• @ David—By welcoming Islam, the effeminate Christians who run the churches may well have done irreparable harm to Western Christianity. Even if traditional Christians were able to send the effeminates packing, time and demography are not on their side.

  • andrew

    The Muslim council of Britain have taken advantage of this event, (as you’d expect) to request the government prohibit and therefore make illegal any form of criticism that Islam may face from the suspicious indigenous. ‘Islamaphobia’ has been bandied around relentlessly, and calls for greater censorship, because Muslims cannot accept criticism of their fake religion, are now the norm. This begs the question – if the government gives in to Muslim calls to outlaw Islamaphobia, by regarding all version’s of anti Islamic sentiment as islamaphobia, how will they implement the law, and to what extent? I personally regard Islam as demonic, totally evil. And I regard the imported growing islamisation of Europe to be treason of the highest order. I believe Islam to be incompatible with the West, and that a clash of civilization is therefore inevitable. That said, have I now just broken a future law? Do I deserve to be condemned and charged because I personally think Bradford now looks like a Pakistani toilet, and no longer resembles a British city? The thought police are just around the corner.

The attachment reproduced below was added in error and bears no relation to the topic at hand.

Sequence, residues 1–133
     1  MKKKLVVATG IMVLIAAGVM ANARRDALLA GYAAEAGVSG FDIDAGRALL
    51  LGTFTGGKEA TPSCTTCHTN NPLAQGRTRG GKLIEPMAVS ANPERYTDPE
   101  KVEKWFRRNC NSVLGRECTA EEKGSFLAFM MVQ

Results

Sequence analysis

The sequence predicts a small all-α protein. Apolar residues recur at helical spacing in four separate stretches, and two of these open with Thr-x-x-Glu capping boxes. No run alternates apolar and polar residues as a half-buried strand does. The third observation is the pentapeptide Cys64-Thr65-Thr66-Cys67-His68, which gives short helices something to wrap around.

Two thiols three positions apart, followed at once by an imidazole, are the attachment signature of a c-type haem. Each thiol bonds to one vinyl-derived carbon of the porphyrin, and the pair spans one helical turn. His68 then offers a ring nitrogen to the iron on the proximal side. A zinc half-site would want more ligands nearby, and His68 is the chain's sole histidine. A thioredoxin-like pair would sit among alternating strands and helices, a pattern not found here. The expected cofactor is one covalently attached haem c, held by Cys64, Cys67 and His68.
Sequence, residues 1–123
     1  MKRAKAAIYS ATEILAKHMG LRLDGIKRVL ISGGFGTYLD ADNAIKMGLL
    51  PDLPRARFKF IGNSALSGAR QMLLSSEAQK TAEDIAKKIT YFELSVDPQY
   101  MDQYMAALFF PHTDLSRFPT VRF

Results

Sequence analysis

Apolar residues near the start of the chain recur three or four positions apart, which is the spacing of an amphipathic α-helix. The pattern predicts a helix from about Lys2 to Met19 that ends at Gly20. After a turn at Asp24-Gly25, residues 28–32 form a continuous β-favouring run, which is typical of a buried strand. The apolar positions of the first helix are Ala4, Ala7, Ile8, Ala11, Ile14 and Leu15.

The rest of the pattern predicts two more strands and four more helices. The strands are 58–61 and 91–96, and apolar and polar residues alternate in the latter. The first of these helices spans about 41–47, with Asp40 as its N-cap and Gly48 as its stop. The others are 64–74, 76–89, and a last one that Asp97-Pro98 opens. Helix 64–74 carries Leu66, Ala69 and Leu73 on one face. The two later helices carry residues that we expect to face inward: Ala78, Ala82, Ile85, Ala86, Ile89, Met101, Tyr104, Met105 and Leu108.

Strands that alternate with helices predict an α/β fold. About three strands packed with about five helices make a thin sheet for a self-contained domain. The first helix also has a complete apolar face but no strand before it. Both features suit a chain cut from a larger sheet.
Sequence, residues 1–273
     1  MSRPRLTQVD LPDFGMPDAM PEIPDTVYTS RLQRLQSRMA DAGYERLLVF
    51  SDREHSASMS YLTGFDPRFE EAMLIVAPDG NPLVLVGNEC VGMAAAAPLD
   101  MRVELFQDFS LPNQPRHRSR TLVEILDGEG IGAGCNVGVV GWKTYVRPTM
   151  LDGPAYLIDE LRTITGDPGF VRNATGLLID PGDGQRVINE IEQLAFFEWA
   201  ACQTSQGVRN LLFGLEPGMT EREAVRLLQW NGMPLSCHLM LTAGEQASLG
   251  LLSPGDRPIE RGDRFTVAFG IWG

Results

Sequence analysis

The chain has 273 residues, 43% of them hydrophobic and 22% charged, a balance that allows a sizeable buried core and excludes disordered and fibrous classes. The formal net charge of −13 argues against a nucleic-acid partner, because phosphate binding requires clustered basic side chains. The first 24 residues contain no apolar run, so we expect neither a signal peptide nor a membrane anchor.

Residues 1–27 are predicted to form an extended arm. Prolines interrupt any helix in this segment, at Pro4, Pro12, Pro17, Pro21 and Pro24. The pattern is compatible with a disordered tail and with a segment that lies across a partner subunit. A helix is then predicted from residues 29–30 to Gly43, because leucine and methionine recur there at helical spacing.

• bluedog

      From a practical perspective, the government cannot enact and then enforce the laws demanded by the MCB. The prisons aren’t big enough to house the non-Muslim population.

      • andrew